Nelson Symonds remembered
While rock guitar seems often to be about loud, egomaniacal posturing, the jazz guitarist is a much more subtle beast. The epitome of the understated, modest yet enormously talented jazz guitarist is Montreal’s own Nelson Symonds, whose passing on October 11 gives us reason to re-evaluate his work. Symonds was a sophisticated, though under-exposed artist whose music was deep and heartfelt.
Tributes are being written across the country. Many are speaking about Symond’s playing, including Ottawa-based guitarist Roddy Elias who was recently quoted as saying that upon his first hearing Symonds’ guitar, “on an emotional, expressive, spiritual, soul level I knew I was in the presence of someone truly extraordinary.” From what I gathered about the man, this greatness was the result of a humble approach to his art and the strong work ethic that governed his life, aspects that are documented in the 1984 film by Mary Ellen Davis, Nelson Symonds, Guitarist.
Born in Halifax in 1933, Symonds left home in 1951 to work as a musician in Sudbury, then toured the States with vaudeville and carnival troupes before heading to la Belle Province in the mid-50s. In an interview I had with him in 1983, he told me that his first jazz gig “was in 1958 in Montreal, at the Vieux Moulin on Sherbrooke Street near Bleury. That was my first legitimate jazz gig, although I’d improvised before in the Black vaudeville shows.”
Once settled in the Montreal area, Symonds mainly stayed put: “I only played in the States once, jazz wise. My only jazz gig in the US was in Milwaukee in 1960. I was there at a club for nine months.” Symonds was a tireless club performer until he was slowed down by heart trouble in his later years. “I’m supposed to be starting a job tonight at Mingus on Bishop for a couple of weeks,” he told me that spring afternoon in 1983. He also told me about how he had spent “three years at Rockhead’s Paradise [on Saint Antoine]. Before that I was up north with Charlie Biddle for six years, from ’71 until ’77,” he said.
Although he played at most of Montreal’s Jazz clubs in his time, and performed with many top name jazz artists (people like Rahsaan Roland Kirk, John Coltrane and Blue Mitchell to name a few) he didn’t record until late in his career, and made only two CDs as leader and as many as a sideman on saxophonist Dave Turner’s dates. “I really never thought about it cause I always got a chance to play here in Montreal,” he said by way of explanation. “I was at the Black Bottom for five years from ’63 till about ’68 and La Boheme from ’68 till ’71 and then we were up North.”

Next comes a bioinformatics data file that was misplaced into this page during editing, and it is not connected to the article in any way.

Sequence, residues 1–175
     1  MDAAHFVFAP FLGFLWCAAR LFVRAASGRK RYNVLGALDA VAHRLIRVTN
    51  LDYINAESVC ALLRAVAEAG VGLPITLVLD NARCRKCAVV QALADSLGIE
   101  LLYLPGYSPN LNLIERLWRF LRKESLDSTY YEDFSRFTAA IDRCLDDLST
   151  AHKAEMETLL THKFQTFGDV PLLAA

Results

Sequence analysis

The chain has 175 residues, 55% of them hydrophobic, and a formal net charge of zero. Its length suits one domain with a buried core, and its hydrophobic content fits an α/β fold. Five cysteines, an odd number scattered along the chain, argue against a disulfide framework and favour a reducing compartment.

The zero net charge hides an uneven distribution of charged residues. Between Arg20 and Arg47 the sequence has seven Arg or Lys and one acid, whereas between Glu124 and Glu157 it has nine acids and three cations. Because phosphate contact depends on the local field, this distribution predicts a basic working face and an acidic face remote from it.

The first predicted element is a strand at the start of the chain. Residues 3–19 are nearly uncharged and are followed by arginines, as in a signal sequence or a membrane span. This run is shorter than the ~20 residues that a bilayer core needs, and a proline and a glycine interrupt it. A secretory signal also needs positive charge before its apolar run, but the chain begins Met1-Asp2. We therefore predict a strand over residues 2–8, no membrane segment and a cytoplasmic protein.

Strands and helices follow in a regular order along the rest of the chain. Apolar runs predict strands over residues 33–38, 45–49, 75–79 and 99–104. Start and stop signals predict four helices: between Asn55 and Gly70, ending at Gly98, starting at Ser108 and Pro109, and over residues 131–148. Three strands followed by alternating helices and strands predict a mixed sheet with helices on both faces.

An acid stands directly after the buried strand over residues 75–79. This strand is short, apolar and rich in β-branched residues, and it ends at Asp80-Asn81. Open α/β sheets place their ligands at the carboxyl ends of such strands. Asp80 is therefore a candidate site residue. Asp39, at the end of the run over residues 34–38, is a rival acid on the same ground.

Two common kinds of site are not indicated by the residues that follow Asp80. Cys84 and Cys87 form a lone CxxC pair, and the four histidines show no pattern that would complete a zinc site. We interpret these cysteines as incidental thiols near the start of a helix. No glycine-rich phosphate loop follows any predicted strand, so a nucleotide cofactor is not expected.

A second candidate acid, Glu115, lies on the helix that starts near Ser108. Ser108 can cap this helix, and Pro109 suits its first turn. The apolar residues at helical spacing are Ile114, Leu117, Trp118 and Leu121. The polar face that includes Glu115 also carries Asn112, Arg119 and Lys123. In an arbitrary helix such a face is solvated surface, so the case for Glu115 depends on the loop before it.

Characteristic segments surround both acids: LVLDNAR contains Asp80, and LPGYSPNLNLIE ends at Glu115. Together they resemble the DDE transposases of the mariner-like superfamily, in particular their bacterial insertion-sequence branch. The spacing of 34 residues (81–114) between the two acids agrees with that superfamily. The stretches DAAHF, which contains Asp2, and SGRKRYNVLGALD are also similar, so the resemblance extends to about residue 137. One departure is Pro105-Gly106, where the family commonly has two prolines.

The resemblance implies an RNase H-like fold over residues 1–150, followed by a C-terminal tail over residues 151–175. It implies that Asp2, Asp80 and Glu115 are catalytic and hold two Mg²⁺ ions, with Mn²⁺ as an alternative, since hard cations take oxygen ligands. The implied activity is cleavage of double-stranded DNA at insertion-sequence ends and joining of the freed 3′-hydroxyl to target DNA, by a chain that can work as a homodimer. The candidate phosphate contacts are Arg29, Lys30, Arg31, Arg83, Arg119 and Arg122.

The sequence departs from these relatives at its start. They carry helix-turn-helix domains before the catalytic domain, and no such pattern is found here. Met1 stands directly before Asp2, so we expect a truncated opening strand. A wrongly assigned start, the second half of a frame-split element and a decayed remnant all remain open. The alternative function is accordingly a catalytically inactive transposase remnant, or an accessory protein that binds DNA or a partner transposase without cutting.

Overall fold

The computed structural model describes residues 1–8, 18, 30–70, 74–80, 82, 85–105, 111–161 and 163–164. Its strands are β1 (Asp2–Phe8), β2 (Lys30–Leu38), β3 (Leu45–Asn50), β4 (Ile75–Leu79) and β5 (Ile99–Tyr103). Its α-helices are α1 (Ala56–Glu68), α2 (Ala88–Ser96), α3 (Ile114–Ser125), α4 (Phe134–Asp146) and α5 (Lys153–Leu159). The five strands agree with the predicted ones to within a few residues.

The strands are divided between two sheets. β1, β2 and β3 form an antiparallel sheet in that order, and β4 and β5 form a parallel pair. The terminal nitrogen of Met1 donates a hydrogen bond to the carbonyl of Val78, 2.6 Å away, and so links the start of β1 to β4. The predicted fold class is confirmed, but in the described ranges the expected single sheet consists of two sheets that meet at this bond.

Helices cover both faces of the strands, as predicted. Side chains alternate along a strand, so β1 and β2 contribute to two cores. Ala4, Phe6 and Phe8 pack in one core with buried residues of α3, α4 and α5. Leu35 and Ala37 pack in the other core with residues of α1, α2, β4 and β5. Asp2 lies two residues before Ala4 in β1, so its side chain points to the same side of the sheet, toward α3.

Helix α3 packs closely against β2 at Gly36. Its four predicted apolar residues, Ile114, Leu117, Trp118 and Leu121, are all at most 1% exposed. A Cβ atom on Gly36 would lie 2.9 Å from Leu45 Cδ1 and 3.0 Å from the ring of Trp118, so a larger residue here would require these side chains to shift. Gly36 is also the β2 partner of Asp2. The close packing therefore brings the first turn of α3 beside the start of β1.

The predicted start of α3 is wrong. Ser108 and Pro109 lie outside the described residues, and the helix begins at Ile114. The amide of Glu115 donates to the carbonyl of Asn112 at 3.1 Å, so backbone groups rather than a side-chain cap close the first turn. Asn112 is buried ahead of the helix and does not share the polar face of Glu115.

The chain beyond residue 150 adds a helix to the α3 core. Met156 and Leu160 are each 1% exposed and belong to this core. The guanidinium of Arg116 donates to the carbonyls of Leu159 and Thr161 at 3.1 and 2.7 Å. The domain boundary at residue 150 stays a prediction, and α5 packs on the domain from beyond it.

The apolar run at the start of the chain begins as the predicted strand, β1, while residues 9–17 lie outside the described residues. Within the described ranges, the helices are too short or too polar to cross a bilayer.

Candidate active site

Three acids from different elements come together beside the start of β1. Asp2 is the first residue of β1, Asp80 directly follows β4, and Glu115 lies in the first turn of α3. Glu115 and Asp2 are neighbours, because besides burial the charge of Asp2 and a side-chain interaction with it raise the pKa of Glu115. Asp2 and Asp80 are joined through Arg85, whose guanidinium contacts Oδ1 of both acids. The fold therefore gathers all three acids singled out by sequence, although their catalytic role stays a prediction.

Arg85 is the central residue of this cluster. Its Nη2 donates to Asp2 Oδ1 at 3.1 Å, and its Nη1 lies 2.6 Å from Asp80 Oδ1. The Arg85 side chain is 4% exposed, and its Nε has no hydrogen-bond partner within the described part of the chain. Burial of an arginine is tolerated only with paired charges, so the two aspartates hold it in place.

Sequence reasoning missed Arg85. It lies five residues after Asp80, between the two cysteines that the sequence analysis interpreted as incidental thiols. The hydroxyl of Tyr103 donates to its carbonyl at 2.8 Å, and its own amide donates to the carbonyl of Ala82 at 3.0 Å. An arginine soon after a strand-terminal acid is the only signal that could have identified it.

Neither was studio work his bag. “I’m not into that. I’m self-taught. I’m not a sight reader,” he said. He also preferred the intimacy and the flexibility of the club. “Usually I’ve been in a place for a long time. So I really didn’t care about recording if I had a chance to play. A lot of people ask me the same thing, but, I don’t know, it’s not something I really thought about ’cause I always got a chance to play.”
The change in the jazz scene in Montreal in the 1980s that saw the fall of the jazz club in favour of the festival format meant sporadic engagements. But it also meant a chance to play with international celebrities for a large audience, like Symond’s opening set for a Ray Charles concert in the St. Denis Theatre at the Montreal International Jazz Festival. “We’re not used to that,” he said. “It’s not like playing at a night club. Doing concerts like that. You know you’ve only got an hour shot. You have to be ready for that. The main players are geared to do that, and they do a lot of it. We’re used to playing in clubs. You try to get yourself up for that. A lot of times you’re playing at a new club and you open up the first night and you really feel great the first set, but you don’t plan on that. If you don’t feel great that first set you know you’ve still got a couple more shows to play. So sometimes I have a tendency to be a little bit uptight, but I tried to be as loose as possible on that concert with Ray Charles. I never really played in front of that many people, that’s another thing. So I was pretty tense. Everybody that knows us knows that. Under those circumstances it was adequate. Most of the time was for Ray Charles. But anyway, it wasn’t too bad.”
Most of his fans would say, rather, that the music of Nelson Symonds was some of the finest jazz you could hear in this city and anywhere else, for that matter.